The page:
This paper is constructed as follows. Firstly, the natural process of pollination—which has become an archetype of the algorithm—is described. Then, the structure of the algorithm itself, as well as the changes introduced by authors of this paper are presented. Subsequently, the performance of modified algorithm with regard to other known algorithms (PSO, original FPA, slightly modified FPA with improved random factor—LEFPA [28] and Symbiotic Organism Search (SOS) [7]) is demonstrated. It is followed by use-case example of application of the proposed algorithm. Finally, further possible improvements are communicated.

2 Flower pollination metaphor in optimization

Plant pollination in nature can occur as a consequence of several different mechanisms. First of these is self-pollination, where the pollen comes from the same flower or different flower of the same plant. In contrast to that, cross-pollination takes place when the pollen comes from different plant [14]. In original FPA, inspired by pollination, all flowers were assumed to be of the same type [37], so all events could be classified into self-pollination category.

Another classification type divides pollination processes into two groups, biotic and abiotic. Biotic pollination occurs while insects, also called pollinators, carry pollen between consecutive flowers. Abiotic pollination in turn is done through the presence of independent and random factors like wind or water. It was established through biological research that over \(80\%\) of all pollinations occurring in nature are in fact biotic [3]. Abiotic pollination can be considered as the one introducing more randomness to the process of pollen transfer and, as we suggest later, this behavior could be neglected in building algorithm structure.

The algorithm inspired by pollination introduces third categorization of pollination process—based on its range: local or global. It is worth to mention that original FPA employs both of them. The first—local pollination theoretically could be considered as either biotic or abiotic, because the flowers are in this case located close to each other. It means that both natural factors such as wind and pollinator activities could be perceived as of significant importance. Still local pollination used in the original FPA technique was limited to be only biotic and represents the flower constancy, mentioned in the previous section. It is based on random walks between flowers. Global pollination, which is a second part of the algorithm, is the long-distance pollination. In this case, FPA focuses mainly on abiotic pollination as successful long-range wind pollination can also be observed in Nature, e.g., for open areas where pollen can be carried far without any obstruction. In FPA, the trajectories of pollen displacement are in this case being rolled using Levy distribution [22]. Angular part of Levy distribution is symmetric; thus, direction of displacement must be simultaneously rolled from uniform distribution. It means that simulation of abiotic global pollination modeled by FPA brings more randomness and unpredictability to the pollination process.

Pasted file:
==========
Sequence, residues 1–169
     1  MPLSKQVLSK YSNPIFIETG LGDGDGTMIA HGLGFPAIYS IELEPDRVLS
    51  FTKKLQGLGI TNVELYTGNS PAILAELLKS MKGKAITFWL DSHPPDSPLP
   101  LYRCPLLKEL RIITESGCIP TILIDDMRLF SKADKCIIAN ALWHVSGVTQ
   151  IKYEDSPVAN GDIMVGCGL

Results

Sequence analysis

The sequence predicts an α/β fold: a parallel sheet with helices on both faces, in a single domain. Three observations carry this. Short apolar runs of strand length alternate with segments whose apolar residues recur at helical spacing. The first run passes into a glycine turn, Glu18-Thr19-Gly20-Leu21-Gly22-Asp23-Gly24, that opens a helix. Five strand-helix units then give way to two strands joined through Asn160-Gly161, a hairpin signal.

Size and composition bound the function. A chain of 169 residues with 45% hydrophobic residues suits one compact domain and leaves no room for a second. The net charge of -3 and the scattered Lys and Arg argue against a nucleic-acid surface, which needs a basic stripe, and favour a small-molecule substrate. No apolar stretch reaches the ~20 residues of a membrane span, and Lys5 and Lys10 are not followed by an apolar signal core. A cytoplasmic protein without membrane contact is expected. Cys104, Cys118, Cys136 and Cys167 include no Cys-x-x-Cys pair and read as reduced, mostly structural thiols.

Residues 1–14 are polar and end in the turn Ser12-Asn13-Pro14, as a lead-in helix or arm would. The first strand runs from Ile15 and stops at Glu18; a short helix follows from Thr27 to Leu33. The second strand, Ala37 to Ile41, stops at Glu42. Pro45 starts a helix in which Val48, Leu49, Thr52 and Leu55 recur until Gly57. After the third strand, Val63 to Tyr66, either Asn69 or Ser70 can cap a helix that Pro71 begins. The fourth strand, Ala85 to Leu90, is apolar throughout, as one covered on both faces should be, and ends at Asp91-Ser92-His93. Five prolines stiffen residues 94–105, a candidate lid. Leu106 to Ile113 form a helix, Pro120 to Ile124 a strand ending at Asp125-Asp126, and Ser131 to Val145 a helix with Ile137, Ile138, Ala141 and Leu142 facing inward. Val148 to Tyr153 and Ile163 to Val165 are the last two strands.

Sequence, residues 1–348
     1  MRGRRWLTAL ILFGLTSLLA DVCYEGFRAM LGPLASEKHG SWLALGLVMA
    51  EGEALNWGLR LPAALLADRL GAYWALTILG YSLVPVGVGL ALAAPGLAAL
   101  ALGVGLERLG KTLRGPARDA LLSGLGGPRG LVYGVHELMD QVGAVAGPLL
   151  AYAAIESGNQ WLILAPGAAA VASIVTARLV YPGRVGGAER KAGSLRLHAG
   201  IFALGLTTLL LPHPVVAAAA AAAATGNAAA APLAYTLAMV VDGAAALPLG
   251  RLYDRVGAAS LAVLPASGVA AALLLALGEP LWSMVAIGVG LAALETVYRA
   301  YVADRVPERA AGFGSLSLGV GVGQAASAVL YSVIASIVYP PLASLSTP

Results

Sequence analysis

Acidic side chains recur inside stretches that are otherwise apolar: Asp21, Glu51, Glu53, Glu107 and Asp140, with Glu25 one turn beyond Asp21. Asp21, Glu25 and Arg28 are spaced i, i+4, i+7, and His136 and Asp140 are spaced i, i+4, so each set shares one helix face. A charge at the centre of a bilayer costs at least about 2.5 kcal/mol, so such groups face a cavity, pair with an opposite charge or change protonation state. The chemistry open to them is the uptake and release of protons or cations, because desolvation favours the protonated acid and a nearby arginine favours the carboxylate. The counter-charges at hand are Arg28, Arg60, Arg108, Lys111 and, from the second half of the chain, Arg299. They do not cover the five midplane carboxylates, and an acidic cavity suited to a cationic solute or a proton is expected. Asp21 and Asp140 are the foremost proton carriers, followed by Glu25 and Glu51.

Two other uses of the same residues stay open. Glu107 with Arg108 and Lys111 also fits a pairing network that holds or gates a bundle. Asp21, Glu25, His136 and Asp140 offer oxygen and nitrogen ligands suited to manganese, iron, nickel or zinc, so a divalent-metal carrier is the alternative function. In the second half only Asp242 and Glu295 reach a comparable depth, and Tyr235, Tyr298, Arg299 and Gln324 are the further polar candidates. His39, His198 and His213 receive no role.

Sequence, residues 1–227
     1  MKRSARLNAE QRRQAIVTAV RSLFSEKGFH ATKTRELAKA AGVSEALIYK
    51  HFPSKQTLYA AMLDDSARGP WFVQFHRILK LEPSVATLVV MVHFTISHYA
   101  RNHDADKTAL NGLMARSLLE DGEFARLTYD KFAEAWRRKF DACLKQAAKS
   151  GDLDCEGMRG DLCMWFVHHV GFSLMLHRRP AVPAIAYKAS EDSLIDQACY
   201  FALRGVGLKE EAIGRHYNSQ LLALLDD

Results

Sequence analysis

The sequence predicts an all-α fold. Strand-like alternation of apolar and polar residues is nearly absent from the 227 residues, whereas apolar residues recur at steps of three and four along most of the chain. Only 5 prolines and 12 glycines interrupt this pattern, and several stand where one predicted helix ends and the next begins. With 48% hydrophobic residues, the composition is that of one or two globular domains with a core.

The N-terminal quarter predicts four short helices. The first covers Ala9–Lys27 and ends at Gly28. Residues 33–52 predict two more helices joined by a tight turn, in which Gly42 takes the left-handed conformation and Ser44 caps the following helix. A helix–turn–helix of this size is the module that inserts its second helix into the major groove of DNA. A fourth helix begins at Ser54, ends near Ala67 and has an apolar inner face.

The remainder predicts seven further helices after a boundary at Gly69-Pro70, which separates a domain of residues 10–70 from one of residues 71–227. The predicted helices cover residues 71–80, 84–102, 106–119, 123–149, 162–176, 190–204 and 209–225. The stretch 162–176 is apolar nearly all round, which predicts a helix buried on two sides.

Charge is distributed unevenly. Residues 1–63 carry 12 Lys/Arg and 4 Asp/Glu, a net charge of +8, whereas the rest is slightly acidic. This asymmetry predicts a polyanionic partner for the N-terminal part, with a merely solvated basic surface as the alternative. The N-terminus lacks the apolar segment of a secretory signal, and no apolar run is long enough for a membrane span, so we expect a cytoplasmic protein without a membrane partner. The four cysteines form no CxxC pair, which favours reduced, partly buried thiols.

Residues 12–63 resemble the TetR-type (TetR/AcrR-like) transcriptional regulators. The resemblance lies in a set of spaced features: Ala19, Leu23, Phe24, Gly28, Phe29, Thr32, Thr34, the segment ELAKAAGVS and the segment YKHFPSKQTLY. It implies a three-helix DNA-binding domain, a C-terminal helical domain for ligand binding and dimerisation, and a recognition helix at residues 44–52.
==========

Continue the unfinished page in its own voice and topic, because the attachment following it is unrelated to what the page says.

Optimization deployment of described processes is based on locating flowers on functional landscape. The function value reflecting flower position determines the amount of pollen produced by this flower. Detailed description of algorithms based on aforementioned natural processes is provided in the following sections.

3 Specification of original FPA and existing modifications

The population in Flower Pollination Algorithm consists of N flowers of the same type. Each flower is denoted a vector \(x_n,\; n=1, \ldots , N\) and represents exactly one solution in the domain of tested function f. The goal of the optimization is to find a value of \(x_n\)—within the feasible search space \(S\subset R^D\)—denoted as \(x^*\) such as \(x^*=\hbox {argmin}_{x\in S} \,f(x)\), assuming that the goal is to minimize cost function f. Population in FPA is at first initialized randomly. After initialization, in every step of algorithm’s main iteration k, all flowers in sequence are selected to be pollinated. It is controlled by parameter p, named as switch probability, which determines the probability of global pollination. If a flower is chosen not to be pollinated this way, a local pollination is executed instead. The whole process is repeated iteratively until predetermined termination criterion is found to be fulfilled.

Let us denote \(x_n(k)\) as solution n in iteration k, \(x^*(k)\)—as the best solution found so far and \(s_0, \gamma\) as global pollination parameters. Furthermore, let \(x_{n,\mathrm{trial}}\) to represent a new candidate solution obtained through the pollination phase. It becomes a new location of solution n if its quality—in terms of cost function f—is better than the quality of the original one. Algorithm 1 provides the description of pollination process in FPA using this notation.